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It is always refreshing to hear young performers approach warhorses for their first time, discovering the music afresh, making it meaningful. This inevitably gives an exciting edge over some more seasoned performances. This was especially the case in the final session, which opened with Lin Yang's account of Op 27 No 1. Her brisk tempo allowed the flowing scale motifs shapely emphasis against the bell-like opening chords, while the fast interlude was crystalline, the second subject etched with poise over the widely spaced harmonies. The second movement, more cautious in tempo, displayed vivacity in the leaping chordal passages, and the transition to the slow movement was beautifully effective. The final fugue was delicate and delightfully buoyant.

From left to right: Angela Brownridge, Carola Grindea, Julian Clef, Stephen Savage and Sulamita Aronowsky
From left to right: Angela Brownridge, Carola Grindea, Julian Clef, Stephen Savage and Sulamita Aronowsky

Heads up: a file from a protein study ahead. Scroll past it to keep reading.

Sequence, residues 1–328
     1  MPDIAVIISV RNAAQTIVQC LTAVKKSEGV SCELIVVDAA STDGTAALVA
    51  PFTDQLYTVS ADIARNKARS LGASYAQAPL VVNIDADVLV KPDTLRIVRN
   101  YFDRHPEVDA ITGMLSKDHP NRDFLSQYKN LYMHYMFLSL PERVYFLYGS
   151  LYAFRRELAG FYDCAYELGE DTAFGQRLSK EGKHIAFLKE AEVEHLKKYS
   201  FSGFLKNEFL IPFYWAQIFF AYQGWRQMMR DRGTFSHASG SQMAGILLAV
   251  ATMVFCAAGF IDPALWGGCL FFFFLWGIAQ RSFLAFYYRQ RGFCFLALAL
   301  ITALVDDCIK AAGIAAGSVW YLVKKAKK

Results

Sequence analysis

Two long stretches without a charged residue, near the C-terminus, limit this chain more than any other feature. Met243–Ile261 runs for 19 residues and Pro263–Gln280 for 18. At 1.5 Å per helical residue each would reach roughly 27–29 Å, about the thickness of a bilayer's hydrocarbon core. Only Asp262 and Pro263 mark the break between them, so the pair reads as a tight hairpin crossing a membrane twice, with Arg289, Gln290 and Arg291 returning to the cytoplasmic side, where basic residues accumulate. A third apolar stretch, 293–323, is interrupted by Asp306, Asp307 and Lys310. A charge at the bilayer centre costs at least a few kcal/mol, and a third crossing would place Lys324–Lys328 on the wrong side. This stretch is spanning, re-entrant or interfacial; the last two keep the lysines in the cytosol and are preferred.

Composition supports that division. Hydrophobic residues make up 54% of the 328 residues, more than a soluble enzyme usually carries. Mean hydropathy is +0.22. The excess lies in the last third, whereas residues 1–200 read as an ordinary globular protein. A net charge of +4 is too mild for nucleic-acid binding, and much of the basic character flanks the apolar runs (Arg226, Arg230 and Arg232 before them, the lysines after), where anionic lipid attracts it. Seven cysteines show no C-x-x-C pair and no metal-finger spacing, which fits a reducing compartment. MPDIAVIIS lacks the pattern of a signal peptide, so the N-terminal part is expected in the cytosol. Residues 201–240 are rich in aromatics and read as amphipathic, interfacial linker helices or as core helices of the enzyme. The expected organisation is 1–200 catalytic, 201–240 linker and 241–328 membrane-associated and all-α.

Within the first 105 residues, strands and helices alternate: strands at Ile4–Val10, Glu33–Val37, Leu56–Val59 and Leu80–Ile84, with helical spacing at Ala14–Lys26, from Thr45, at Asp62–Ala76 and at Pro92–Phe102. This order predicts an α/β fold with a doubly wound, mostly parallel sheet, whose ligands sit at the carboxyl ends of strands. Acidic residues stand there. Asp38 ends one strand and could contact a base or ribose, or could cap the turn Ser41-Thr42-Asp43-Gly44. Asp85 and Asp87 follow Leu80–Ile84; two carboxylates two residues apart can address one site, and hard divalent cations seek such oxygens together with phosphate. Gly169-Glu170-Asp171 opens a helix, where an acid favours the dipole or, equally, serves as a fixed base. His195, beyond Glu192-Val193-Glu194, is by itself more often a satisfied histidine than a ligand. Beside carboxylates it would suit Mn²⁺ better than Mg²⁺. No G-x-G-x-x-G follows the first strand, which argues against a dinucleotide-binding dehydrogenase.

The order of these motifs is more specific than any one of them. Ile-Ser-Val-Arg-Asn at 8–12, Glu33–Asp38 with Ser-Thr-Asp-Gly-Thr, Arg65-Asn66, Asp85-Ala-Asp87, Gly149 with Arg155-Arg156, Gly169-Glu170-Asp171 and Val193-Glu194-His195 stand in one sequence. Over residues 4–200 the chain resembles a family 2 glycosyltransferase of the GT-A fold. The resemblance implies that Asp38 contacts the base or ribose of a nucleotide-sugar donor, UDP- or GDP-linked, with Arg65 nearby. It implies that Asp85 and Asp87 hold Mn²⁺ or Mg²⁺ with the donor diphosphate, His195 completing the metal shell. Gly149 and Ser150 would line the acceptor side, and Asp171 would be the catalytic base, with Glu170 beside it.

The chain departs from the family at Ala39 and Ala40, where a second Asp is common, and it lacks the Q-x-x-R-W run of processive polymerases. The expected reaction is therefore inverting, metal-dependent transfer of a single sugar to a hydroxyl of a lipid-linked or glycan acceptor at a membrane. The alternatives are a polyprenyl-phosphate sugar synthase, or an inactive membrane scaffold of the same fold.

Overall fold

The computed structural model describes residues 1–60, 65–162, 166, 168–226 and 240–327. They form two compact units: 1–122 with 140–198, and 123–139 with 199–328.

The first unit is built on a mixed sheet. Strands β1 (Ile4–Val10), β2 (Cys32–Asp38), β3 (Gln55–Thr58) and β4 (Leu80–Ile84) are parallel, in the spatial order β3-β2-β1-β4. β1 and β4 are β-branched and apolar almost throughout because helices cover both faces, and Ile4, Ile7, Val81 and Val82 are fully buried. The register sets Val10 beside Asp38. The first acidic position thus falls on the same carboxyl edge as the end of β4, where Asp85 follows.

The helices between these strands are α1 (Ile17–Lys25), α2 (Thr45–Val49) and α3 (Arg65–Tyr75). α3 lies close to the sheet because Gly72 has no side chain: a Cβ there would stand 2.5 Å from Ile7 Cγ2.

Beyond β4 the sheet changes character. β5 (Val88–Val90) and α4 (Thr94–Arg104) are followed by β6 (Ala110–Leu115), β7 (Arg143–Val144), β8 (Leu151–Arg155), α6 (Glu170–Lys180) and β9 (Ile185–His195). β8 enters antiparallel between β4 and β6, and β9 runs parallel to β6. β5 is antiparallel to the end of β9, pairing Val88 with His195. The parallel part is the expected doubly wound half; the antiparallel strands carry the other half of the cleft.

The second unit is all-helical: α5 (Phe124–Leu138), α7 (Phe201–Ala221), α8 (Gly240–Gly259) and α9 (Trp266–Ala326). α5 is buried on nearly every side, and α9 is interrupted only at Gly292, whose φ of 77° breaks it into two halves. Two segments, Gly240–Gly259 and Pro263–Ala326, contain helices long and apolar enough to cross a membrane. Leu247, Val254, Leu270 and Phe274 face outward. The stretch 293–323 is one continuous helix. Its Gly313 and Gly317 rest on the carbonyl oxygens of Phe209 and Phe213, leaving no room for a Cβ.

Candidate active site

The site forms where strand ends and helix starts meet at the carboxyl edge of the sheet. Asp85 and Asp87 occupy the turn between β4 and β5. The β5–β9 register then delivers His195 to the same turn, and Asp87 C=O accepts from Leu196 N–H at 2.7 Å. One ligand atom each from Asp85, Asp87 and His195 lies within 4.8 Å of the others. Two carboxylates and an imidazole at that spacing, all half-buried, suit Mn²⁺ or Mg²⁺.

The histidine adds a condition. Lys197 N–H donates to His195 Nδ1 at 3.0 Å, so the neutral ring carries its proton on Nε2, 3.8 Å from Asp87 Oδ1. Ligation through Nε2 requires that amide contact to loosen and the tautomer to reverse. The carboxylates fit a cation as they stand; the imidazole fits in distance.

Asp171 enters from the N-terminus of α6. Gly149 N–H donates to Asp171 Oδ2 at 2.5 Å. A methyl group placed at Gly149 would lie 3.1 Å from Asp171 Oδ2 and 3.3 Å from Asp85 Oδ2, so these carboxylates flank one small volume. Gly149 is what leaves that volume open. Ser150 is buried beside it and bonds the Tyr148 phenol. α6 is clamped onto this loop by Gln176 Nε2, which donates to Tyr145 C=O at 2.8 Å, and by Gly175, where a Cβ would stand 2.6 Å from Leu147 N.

The final performance of the day was particularly polished and professional, exemplary in expressive range, technical discipline and colour: Julian Clef (Chetham's School of Music), in an involving and dramatic Op 57. The first movement's explosive energy gave way to some beautifully voiced variations where the two part writing was richly shaded. The clarity of the finale was especially evocative in the reappearance of each rondo theme. Julian Clef clearly has potential for a concert career, and is on the cusp of further studies at the Royal Northern College of Music. We hope to hear him at a BPSE Senior Competition in the future.

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Copyright © 19 March 2008 Malcolm Miller, London UK

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Classical Music Programme Notes for concerts and recordings, by Malcolm Miller